Questions on being trans, from highschoolers (pt 5)

By , April 26, 2010 2:28 pm

It’s been a while, I know, but I figured it was time to finish off some of these questions. Lets go!

  • Do you want to have “bottom” surgery?

“Bottom” surgery usually means sex reassignment surgery (SRS) and I think “want’ is a tricky word to use here. If the Vagina Fairy came through my window (no, not that one) to wave her wand and give me a pussy, I’d say “Yes!” in a heartbeat. I’d also say that I do want to have had SRS, in the same way I want to have learned a foreign language: I want the results, but don’t want to go through the pain and suffering to get there. But do I want to have surgery at some point in the future?

I’m not sure.

Any surgery is scary. SRS is particularly scary: it’s taking a currently-functioning part of my body, albeit a part I don’t love, and cutting it open to invert it. (That link is just a description with text, not images. If you want to see images, a relatively un-scary series of drawings can be found here, and links to photos can be found here. I won’t link to any potentially scary stuff without telling you. Don’t worry.) In addition to all of the normal risks of surgery – complications, infections, etc – there’s the possibility I’d never be able to orgasm again. Admittedly, SRS is getting better and better all the time, so this is a diminishing possibility, but no surgeon I’ve researched has anything close to a ‘guarantee’ you’ll be able to orgasm post-op. It’s also expensive. I have a hard time imagining spending $15,000+ on anything, let alone SRS.

For all that, I’ve been thinking more and more about surgery over the course of transitioning.

What I need to do, and what my therapist has encouraged me to do, is make some consult appointments with some surgeons and get more info. This may be easy, if I’m lucky and any surgeons are coming to Be All Chicago in June. Otherwise, it may require trips to Colorado, Arizona, Montreal, or (leaving North America) Thailand, which will obviously add costs above and beyond the surgery itself.. I just sent an email to Be All inquiring if any surgeons will be attending and providing consults or information, so hopefully I’ll hear back soon.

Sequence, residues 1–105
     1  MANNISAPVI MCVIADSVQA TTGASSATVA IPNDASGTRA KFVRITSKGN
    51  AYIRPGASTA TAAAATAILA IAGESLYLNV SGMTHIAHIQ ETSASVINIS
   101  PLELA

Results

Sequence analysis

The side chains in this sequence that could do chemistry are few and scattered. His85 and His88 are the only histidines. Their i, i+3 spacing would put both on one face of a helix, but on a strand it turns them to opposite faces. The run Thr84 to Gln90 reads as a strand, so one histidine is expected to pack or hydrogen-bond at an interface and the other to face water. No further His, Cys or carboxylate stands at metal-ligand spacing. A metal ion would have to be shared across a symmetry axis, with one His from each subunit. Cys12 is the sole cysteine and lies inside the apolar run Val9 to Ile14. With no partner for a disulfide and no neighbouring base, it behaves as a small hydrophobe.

Because I don’t think the Vagina Fairy will be coming anytime soon – like everything else in this transition, if I want a new set of equipment between my legs, I’m going to have to do something about it.

  • Do you experience discrimination?

I’m spoiled rotten by artistic, professional, and interpersonal communities that – with few exceptions here and there – don’t treat me differently since I came out to them, or started transitioning. I definitely don’t feel like I’ve experienced notable discrimination. In fact, there’s currently something of an informal affirmative action campaign going on in some parts of the LGBT community, trying to give a greater voice to trans individuals. I’m not above working that when I can, and I think it’s helped get my art some exposure it might not have otherwise received.

  • Do transwomen still produce sperm?

Well, it depends what you mean by trans women. Trans women on hormones probably don’t. (I didn’t, even when I wanted to.) Trans women not on hormones are usually like any average man, so would produce sperm. But I wouldn’t rely on hormones as birth control, unless you’ve gotten your sperm count checked: If a trans woman and a cis woman are going to have vaginal intercourse and absolutely don’t want to get pregnant, I’d still recommend a condom or other form of birth control.

  • Do you feel you have any physical limitations?

I’ve mentioned having some frustration over losing muscle mass from the increased estrogen and decreased testosterone levels in my blood. That’d be the biggest thing I consider a physical limitation, and only because I have the ability to compare what testosterone does for muscle mass. Beyond that, I do think having a penis can be a limitation purely in the sense of women’s clothing. I absolutely don’t think you have to have a vagina to be a woman (and I’d consider myself as proof of that!) but tight clothing for women assumes that you will. I have a tight dress or two that I can only wear with very snug underwear, and I don’t feel comfortable wearing exercise pants or bathing suit bottoms without looser shorts over ’em. I’d say those are the extents of my limitations, though.

4 Responses to “Questions on being trans, from highschoolers (pt 5)”

  1. beo_shaffer says:

    This is just me but, I would avoid Arizona, I’m not sure if you’ve checked Questioning Transphobia recently, but apperantly the new anti-brown People bill is also going to make it harder for transfolk in that state. Then again with any luck it will be repealed before it sounds like you plan to have surgery.

  2. rrargh_kit says:

    I’m still a year or so away from SRS, but those diagrams you linked to are baller. 🙂

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